Filmmaker Penny Lane has a knack for making sympathetic documentaries about reviled and seemingly irredeemable people — her last one was about Satanists. Her latest takes on someone even more divisive: Kenny G.
I kid, of course. While Listening to Kenny G, premiering at the Toronto International Film Festival, recounts a barrage of insults fired at the smooth jazz sensation, it also becomes clear that Kenny G needs no redemption. He’s done a great job rehabbing his own image, through social media acumen, collaborations with modern stars like Katy Perry, Kanye West and The Weeknd, and his own undeniable work ethic.
At least in the film, he seems pleasantly open to self-examination. He’s neither humble nor braggy, but gives give himself credit where it’s due. He says he still practices sax three hours a day, even after selling more than 75 million records, making him arguably the most successful jazz artist of all time. (I say “arguably” because many critics, some of whom are featured in the doc, don’t consider his music jazz.)
Yes, his songs are smooth, easy listening — but as Kenny G makes clear, he believes those are good attributes. You won’t be surprised to learn that Kenny G is a bit of a people pleaser.
Lane welcomes esteemed jazz critics who make cogent arguments that the man born Kenny Gorlick frustratingly ignores more than a century of jazz music to make hits like “Songbird” and “Silhouette” that have no relation to the works of great jazz saxophonists like Ornette Coleman and Charlie Parker. (At one point, Kenny G — gasp — fails to recognize an image of Thelonious Monk.)
But before you join the scolds, Kenny G owns up to the fact that he was never that into jazz, and grew up more interested in smooth R&B — think of the exquisite Bill Withers-Grover Washington Jr. collaboration “Just the Two of Us.”
Later, we see him at least try to use his powers for good, but shoehorning a playful “sax education” course into recent performances, and trying to turn his fans on to artists like Stan Getz. (Though not everyone loves him paying homage to Louis Armstrong with a duet from beyond the grave. Judge for yourself.)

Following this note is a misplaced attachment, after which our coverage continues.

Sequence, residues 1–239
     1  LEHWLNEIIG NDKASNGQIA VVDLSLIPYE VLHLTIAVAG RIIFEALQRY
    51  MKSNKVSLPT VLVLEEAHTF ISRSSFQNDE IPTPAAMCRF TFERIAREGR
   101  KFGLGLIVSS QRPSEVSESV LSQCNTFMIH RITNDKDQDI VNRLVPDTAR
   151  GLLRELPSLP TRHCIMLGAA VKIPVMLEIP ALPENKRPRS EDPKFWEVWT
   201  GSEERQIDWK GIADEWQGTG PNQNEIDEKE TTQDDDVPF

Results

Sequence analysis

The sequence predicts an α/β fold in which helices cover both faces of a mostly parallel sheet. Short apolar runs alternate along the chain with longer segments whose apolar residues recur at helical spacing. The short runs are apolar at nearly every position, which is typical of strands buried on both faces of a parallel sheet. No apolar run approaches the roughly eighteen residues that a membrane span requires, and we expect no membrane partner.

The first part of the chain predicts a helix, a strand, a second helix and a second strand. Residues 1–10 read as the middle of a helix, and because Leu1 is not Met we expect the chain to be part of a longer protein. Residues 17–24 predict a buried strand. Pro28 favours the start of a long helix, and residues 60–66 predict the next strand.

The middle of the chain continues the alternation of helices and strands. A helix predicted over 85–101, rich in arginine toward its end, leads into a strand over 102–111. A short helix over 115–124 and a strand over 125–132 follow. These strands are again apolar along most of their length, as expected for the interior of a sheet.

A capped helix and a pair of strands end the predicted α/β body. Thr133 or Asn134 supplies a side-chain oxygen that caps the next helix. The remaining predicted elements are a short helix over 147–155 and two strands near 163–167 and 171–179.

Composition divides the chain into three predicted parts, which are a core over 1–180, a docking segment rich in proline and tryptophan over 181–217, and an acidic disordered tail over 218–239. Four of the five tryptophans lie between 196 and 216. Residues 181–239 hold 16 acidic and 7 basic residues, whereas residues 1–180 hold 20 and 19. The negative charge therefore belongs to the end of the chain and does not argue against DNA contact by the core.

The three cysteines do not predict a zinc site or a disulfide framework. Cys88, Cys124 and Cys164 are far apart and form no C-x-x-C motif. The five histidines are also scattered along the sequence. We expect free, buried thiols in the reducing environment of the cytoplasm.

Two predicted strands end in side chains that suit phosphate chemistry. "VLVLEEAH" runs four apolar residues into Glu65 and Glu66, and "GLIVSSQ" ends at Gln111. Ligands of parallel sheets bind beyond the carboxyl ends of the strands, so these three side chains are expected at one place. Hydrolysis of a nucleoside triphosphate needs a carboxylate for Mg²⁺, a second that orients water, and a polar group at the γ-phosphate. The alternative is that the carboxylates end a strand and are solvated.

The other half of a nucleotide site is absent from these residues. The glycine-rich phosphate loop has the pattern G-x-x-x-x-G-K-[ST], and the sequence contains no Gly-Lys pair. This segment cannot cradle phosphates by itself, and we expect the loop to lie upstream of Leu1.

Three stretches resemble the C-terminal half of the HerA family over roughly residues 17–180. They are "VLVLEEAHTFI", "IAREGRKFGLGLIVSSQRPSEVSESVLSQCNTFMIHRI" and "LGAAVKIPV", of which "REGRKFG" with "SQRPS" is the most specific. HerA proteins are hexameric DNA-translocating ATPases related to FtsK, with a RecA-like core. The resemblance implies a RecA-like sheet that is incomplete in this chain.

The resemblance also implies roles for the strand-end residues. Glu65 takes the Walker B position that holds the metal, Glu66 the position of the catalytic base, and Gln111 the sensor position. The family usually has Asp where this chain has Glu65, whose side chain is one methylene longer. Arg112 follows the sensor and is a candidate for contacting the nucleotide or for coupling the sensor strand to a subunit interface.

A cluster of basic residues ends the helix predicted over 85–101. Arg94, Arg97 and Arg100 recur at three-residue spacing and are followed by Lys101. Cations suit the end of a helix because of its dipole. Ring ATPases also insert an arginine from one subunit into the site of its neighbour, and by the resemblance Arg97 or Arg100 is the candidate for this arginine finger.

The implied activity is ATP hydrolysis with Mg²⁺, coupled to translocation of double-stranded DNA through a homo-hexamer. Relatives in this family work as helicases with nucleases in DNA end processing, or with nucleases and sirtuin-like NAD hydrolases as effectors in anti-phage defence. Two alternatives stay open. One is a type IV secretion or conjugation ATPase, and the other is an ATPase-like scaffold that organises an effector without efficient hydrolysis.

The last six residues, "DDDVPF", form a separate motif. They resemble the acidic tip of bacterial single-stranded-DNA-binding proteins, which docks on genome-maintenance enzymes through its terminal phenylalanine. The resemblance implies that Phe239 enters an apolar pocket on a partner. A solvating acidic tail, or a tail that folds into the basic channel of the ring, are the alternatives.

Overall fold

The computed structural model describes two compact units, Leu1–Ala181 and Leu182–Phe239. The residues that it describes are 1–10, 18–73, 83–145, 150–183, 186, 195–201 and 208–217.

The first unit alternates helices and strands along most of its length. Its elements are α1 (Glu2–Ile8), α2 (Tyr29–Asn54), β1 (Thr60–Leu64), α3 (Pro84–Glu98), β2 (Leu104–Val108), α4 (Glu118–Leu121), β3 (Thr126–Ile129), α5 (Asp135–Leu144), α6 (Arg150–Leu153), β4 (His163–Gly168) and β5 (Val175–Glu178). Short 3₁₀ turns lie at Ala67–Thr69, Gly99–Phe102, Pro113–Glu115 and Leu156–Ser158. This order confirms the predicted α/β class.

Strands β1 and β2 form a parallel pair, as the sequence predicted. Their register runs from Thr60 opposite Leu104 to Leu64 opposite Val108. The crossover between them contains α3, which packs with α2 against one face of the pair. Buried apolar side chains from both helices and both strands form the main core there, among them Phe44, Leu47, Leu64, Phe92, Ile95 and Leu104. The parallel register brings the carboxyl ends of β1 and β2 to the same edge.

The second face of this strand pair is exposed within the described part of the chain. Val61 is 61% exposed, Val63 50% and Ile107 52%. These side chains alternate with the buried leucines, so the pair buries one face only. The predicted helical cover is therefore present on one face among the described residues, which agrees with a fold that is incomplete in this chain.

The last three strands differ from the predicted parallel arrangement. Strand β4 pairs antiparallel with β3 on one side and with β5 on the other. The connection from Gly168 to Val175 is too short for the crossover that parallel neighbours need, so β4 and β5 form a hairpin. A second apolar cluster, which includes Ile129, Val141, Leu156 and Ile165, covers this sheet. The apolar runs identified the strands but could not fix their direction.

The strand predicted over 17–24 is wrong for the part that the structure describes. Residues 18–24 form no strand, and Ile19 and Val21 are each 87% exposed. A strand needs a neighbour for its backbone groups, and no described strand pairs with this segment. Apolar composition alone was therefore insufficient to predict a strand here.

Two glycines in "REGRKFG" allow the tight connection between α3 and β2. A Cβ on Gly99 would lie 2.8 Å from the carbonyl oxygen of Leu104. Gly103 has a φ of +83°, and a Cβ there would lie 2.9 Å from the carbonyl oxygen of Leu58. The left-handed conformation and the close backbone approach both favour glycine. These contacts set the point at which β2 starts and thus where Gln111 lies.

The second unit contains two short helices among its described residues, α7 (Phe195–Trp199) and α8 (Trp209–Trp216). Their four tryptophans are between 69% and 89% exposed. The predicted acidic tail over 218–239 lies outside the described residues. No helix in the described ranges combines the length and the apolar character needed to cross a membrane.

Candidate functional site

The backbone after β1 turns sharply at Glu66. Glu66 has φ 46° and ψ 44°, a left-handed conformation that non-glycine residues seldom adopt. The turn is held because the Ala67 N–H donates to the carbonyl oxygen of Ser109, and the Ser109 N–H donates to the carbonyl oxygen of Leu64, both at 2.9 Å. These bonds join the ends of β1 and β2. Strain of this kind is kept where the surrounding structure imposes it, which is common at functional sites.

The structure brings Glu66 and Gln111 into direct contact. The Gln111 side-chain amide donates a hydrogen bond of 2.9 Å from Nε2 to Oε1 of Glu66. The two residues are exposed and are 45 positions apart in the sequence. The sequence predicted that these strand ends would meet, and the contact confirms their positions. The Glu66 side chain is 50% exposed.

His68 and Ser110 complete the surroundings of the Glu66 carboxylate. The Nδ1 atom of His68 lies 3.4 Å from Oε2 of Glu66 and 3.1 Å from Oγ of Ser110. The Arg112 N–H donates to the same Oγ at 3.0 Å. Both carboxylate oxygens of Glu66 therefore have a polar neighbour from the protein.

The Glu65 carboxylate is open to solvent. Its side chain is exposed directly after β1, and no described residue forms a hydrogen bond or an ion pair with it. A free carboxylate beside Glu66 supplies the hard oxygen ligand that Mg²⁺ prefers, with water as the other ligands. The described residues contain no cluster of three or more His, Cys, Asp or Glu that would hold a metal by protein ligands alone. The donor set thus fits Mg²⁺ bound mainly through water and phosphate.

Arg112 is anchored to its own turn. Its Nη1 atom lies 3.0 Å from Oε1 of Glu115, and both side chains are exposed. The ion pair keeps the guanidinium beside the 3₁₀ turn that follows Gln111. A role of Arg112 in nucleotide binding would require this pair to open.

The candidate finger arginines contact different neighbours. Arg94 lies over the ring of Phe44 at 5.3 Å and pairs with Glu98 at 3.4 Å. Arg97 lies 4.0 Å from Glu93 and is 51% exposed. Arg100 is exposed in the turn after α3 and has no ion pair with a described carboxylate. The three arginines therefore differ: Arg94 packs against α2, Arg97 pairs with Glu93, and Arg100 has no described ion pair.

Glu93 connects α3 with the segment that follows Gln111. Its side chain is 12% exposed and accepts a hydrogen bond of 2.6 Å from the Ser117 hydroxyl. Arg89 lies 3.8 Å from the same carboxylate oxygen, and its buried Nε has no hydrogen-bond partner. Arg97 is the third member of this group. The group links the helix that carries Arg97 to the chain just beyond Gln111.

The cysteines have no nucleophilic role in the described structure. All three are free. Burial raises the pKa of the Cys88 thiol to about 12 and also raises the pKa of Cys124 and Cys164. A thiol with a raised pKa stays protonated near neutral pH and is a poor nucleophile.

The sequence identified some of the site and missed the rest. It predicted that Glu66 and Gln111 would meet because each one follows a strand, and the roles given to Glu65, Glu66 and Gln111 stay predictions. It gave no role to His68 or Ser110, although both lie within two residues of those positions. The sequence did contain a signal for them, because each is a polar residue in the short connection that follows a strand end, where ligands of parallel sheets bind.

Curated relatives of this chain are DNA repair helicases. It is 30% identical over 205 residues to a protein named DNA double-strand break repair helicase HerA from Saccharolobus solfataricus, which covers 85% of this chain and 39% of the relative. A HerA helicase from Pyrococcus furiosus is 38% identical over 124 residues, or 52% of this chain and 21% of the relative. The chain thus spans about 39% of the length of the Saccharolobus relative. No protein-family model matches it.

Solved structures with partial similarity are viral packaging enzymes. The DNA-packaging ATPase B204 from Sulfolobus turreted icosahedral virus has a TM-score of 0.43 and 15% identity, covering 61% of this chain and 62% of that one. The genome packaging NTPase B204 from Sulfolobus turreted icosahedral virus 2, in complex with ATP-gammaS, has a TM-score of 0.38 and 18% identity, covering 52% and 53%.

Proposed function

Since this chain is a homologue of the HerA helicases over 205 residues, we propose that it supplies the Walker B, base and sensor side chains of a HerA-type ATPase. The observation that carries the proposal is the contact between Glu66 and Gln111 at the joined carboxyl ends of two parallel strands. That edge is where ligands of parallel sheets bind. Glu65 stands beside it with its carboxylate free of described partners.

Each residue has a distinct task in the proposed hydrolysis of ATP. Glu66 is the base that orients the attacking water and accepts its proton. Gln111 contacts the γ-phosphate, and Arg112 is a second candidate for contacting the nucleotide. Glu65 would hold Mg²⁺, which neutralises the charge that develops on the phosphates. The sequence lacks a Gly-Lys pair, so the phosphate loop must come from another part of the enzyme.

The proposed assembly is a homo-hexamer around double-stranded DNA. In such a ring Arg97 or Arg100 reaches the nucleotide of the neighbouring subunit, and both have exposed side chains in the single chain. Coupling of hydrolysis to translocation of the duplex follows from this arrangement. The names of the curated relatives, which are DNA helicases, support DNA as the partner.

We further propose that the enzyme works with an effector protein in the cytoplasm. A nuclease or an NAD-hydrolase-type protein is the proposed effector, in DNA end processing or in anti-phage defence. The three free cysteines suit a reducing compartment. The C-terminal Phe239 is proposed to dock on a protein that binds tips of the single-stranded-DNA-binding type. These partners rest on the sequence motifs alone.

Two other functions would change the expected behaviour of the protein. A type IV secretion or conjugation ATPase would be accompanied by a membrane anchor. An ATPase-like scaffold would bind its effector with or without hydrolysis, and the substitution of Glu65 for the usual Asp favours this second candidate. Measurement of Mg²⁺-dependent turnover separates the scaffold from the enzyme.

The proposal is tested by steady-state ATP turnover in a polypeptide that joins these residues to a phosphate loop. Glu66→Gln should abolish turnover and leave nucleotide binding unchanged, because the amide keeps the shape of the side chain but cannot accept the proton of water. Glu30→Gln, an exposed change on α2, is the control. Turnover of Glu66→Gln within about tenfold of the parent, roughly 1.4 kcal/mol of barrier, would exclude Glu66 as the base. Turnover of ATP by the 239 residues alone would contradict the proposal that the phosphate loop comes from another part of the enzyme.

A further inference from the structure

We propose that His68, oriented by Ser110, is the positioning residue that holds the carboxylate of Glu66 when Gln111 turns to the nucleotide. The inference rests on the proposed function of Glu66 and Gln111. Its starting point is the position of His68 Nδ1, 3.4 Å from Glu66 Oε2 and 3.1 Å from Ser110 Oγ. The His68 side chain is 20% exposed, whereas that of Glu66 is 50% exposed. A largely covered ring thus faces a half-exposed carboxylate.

The doc also artfully addresses the accurate observation that Kenny G is the latest in a long line of white artists who made millions smoothing out the edges on a Black art form to make it more palatable for the masses. After saying, a little astonishingly, that he hasn’t really thought about it, Kenny G addresses this criticism directly, and, I think, respectfully.
Meanwhile, footage from his concerts speaks for itself: As much as his haters might like to think his audience consists entirely of middle-aged white people waiting in elevators and dentists’ offices, his fans undeniable cross all demographic lines. (The film also explains how Kenny G’s undeniably lovely “Going Home” has become China’s official song, of, well, going home.)
The film is executive produced by The Ringer creator Bill Simmons, who has a deal with HBO to produce music documentaries, and is off to a strong start. Another TIFF film to come out of that collaboration is Jagged, an Alanis Morissette documentary drawing lots of press attention this morning.
Lane, whose 2019 film Hail Satan? is the funniest documentary I’ve ever seen, says in an introductory video for TIFF that she made Listening to Kenny G to investigate why some art is considered good and other art is considered bad — and the feelings you feel upon finding out someone hates your favorite artist.
The moral of the story might be that hate is even worse than the worst smooth jazz.
Listening to Kenny G, directed by Penny Lane, is now playing at the Toronto International Film Festival.
Main image: Kenny G on the cover of his 1992 album Breathless.